Are you missing the joke of life? Are you ever satisfied? Do you seem to always live the life you don’t have? Do fantasies seem more real than the world around you?
Adam Phillips is a psychoanalyst who also spends his Wednesdays writing. Originally standing firmly in the Freudian camp, from essay to essay and book to book he has drifted into the world of philosophy. In this book he looks at:
- How we can never understand what we really want until we can recognize the nature of our frustration.
- How knowing what we don’t want — what we are running from — may show us more about ourselves than what we think we want.
- How (in my view) our world has shifted from one where morality meant something to one where morality is a game, where the Good Person is replaced by the Impressive Person, and being caught lying is now the crime as opposed to lying itself.
- We always want to be somewhere other than now, and we spend our time searching for the escape. To paraphrase Anna Freud, fantasies are the one area of our life where we can have our eggs any way we want them but we cannot eat them.
- How our yearning, our striving, our continual hope for satisfaction is a game we play with ourselves to deal with the shifting sands of life. That frequently, our search for satisfaction is about revenge.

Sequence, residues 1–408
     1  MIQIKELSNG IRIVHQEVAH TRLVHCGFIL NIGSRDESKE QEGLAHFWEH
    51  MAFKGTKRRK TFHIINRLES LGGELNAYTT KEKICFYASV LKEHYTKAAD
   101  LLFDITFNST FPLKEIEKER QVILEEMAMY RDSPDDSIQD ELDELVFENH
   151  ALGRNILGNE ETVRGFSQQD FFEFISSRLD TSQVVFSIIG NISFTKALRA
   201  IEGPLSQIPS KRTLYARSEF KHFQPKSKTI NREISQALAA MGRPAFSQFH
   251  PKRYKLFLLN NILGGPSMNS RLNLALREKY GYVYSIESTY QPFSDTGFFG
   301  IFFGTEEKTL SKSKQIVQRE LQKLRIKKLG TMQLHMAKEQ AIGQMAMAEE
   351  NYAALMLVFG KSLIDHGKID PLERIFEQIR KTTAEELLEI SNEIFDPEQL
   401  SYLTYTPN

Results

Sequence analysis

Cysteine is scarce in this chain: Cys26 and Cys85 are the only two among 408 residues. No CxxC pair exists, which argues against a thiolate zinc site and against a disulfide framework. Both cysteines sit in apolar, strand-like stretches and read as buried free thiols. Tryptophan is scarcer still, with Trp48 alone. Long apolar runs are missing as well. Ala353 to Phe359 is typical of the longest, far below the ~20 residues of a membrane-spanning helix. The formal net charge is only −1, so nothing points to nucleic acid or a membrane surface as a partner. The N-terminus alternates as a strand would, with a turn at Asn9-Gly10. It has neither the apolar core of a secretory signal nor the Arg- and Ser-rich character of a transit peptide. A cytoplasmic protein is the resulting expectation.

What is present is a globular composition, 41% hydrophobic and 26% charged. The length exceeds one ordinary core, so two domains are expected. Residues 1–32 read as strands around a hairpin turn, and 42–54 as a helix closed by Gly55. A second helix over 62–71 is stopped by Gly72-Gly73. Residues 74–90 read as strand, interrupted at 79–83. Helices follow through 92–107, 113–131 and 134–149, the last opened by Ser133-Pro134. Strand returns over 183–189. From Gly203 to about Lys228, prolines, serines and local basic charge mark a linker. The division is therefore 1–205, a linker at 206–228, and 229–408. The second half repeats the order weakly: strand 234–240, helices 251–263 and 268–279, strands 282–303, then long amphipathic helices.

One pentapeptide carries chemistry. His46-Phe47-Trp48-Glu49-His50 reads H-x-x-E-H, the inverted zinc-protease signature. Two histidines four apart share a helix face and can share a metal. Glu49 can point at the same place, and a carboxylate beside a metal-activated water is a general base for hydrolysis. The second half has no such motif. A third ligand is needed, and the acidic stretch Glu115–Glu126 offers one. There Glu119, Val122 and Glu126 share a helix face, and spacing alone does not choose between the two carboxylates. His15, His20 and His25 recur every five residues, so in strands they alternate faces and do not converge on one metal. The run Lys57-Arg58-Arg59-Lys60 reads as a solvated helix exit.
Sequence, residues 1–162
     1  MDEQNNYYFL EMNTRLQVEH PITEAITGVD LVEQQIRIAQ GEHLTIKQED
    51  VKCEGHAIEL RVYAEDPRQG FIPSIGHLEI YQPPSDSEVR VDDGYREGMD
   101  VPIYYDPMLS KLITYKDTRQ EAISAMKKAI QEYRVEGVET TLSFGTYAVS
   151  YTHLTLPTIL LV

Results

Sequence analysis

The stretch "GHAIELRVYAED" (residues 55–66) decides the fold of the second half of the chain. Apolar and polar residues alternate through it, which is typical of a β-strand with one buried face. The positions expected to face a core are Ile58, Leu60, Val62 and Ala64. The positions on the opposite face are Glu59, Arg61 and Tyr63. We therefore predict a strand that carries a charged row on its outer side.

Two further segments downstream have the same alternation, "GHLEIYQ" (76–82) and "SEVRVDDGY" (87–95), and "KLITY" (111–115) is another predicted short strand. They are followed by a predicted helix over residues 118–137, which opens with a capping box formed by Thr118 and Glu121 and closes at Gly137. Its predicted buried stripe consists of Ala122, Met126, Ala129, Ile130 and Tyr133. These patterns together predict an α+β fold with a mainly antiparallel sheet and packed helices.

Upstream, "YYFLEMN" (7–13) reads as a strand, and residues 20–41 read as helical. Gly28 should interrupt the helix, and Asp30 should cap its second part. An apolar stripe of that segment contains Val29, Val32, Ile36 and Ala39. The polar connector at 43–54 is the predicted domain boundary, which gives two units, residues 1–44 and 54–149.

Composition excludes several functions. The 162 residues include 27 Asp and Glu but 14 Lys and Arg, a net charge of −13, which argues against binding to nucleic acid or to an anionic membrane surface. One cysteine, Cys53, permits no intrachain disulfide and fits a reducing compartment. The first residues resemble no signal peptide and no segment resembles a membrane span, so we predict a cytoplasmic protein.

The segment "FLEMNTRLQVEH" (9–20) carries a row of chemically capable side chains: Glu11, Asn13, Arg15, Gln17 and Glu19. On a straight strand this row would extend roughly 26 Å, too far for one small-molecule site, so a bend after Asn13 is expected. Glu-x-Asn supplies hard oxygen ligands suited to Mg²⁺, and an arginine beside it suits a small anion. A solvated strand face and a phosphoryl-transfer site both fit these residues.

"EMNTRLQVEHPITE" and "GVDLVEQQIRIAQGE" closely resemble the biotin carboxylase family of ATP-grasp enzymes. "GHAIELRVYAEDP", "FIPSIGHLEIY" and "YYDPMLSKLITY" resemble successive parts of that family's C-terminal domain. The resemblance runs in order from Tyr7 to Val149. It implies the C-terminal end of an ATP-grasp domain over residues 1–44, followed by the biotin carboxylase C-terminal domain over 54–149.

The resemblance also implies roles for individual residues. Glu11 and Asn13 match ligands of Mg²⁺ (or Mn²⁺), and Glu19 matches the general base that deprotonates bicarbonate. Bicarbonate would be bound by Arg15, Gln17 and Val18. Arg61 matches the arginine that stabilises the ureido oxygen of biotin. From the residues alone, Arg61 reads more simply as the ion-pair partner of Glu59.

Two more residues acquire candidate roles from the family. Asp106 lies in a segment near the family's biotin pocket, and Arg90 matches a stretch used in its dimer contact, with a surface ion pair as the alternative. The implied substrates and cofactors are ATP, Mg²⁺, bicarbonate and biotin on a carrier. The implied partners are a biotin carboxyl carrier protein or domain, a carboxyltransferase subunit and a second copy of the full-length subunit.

- Some thoughts on why we get pleasure watching the mad attempt to get what they want. About how the mad are actually those who are filled with the certainty of their view of the world, and how seeing them in character form helps us to face the madness of the world around us.
Whew! Heady stuff.
And not written for the pleasure reader, either. Phillips has this annoying habit of using clauses within clauses within em dashes and brackets. This style makes some of his passages difficult going. For example:
But one of the strange things about satisfaction is that its anticipation precedes its realization; that it happens twice — not quite the first time as farce and the second time as tragedy — but first wishfully (in fantasy) and then in reality if one is lucky.
Each sentence is itself a Russian doll, then each paragraph enters the realm of thought tornado, with so many ideas flying about it makes you dizzy. Luckily they are all thoughts packed with insight.
He is a fan and student of literature, particularly Shakespeare, and uses the verbal arts as a launching pad for many of his thoughts.
The back flap of the book promises that Phillips will explain how, “if we accept frustration as a means to finding out what we really want, satisfaction becomes possible.” But I must admit, these plot points are made only through the subtextual connections in this book. Leaps of thought are required.
One can fault this book for its optimistic marketers who wanted to sell it to a mass audience, the inability of the editor to help refine the focus and for the copy editor letting Phillips get away with dense prose. But it does have immense value.
As a writer with a background in theatre and a keen interest in the origins and purposes of story, I found this book eminently thought-provoking.
I would recommend it to those who love Shakespeare, theatre, writers interested in delving into the depths of their characters and anyone who has looked at the world and wondered why they are not driven made by its workings.
On Missing Out by Adam Phillips